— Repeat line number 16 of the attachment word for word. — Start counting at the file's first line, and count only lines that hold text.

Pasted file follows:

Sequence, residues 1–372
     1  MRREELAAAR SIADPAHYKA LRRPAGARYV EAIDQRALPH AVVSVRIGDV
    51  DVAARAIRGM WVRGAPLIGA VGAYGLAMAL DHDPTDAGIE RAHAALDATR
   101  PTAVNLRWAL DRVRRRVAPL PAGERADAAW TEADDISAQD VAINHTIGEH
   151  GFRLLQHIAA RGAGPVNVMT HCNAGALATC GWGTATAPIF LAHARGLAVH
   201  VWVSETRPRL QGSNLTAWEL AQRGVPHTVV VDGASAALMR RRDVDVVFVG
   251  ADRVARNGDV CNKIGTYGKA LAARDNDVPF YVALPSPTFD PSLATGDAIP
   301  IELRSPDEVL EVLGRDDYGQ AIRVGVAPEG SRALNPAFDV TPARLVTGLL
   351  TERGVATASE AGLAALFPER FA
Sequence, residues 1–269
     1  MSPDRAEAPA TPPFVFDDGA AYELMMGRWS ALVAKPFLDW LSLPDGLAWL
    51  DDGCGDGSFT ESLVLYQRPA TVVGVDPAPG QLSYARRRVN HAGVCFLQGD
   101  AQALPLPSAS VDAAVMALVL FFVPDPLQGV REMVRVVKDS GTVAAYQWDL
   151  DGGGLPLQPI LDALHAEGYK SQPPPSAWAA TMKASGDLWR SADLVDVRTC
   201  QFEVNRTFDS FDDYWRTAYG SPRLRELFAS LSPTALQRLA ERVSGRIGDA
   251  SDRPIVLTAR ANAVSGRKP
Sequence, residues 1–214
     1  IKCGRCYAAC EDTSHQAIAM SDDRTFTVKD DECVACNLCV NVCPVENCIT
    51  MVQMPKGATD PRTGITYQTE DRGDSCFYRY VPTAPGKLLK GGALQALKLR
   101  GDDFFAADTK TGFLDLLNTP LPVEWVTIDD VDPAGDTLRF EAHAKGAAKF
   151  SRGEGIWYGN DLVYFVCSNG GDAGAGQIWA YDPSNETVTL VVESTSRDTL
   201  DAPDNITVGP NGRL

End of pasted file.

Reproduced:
   251  SDRPIVLTAR ANAVSGRKP